Ever since our teacher in Gender Studies and Literature exposed us to readings related to feminism and homosexuality, my inhibitions about perusing gay short stories and novels gradually vanished, probably because it opened my eyes to issues regarding gender, especially the plight of the marginalized members of our society–women, gays, lesbians. I remember the first time my teacher made me read a gay poem “It’s a Delicate Matter Sucking Cock” and figuratively I couldn’t swallow some of the lines. I mumbled to the point of laughing. So there, upon getting acquainted with this emerging form of literature, I varied my readings, including genres which tackle homosexuality and feminism. And so far, one of the best gay novels I read was Bart Yate’s The Brothers Bishop (2005, Kensington Books).
One thing I love about the novel is its sensible hilarity and wit distinctly dispersed in every character. Despite being gays, Nathan and Tommy are as different as two brothers can be. Nathan is a more serious and controlled type of character who always saves his brother’s ass, so to speak. He lives in this old cottage by the beach, which symbolically indicates his existence, being haunted by the past (as an abused child). On the other hand, Tommy is the golden boy who takes men into his bed with a seductive smile and turns them out just as quickly.
But one summer screws up their lives together when the latter makes out with Simon, one of Nathan’s students. This secret challenges everything Nathan remembers and unravels Tommy’s carefully constructed facade which bring the two to confront their past and eventually lead to a tragic end.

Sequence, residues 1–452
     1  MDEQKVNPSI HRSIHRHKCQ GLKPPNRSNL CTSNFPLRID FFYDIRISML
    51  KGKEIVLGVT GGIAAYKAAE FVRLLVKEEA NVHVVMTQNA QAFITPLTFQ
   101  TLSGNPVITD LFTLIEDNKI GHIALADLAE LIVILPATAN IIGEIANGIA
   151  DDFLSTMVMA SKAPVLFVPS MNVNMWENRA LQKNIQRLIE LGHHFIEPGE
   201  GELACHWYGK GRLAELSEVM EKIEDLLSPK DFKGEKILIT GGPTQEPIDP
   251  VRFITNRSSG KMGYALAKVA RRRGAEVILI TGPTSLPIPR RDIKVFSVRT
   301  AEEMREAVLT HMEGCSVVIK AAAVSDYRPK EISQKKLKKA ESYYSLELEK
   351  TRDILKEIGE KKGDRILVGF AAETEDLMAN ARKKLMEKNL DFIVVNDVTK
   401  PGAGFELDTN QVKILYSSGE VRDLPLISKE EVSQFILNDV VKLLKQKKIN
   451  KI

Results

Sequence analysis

Brimming with colloquial and unassuming language and interestingly queer (and sometimes dysfunctional) characters, the novel has left me flipping through its pages, always finding Nathan and Tommy engaging in fuck-and-shit fall outs, but always end up apologizing and caressing (yes, they “do.”)
Honestly, I cried reading the novel, especially throughout the ending when the Brothers Bishop spent the evening by the beach after Tommy went out of the jail. It somehow reminds me of The Kite Runner but with a different twist. The tragic ending has an unspeakable poignant effect for me, especially right after their ala Romeo-and-Juliet conversation prior to Tommy’s opted demise.
Tommy: No. You need to be safe, too, and if I’m around, you will never will be… You know I’m right.
Nathan: Do you ever wonder what our lives would have been if we’d never crossed the line?
Tommy: What line?
Nathan: You know what I mean.
Tommy: It’s a little too late for us to be having this conversation, isn’t it?
Nathan: You mean what we did.
Tommy: Yeah… we never really had much of a chance for a normal existence, did we? Not after something like that… though I guess if you think about it, it’s a fucking miracle nothing else bad has happened before now, considering the odds.
Nathan: I’m so sorry, Tommy. I should never…(breaks down)
Tommy: Don’t, Nathan… I’m not sorry at all, and you shouldn’t be either.You’ve always been the best thing in my life, no matter what. Nothing else even comes close.
The Brothers Bishop may present the usual theme of sexual abuse, pedophilia, incest and suicide, but it approaches these commentaries in an authentic and almost non-melodramatic(apart from the ending, I think) manner. It still gives you space to breathe.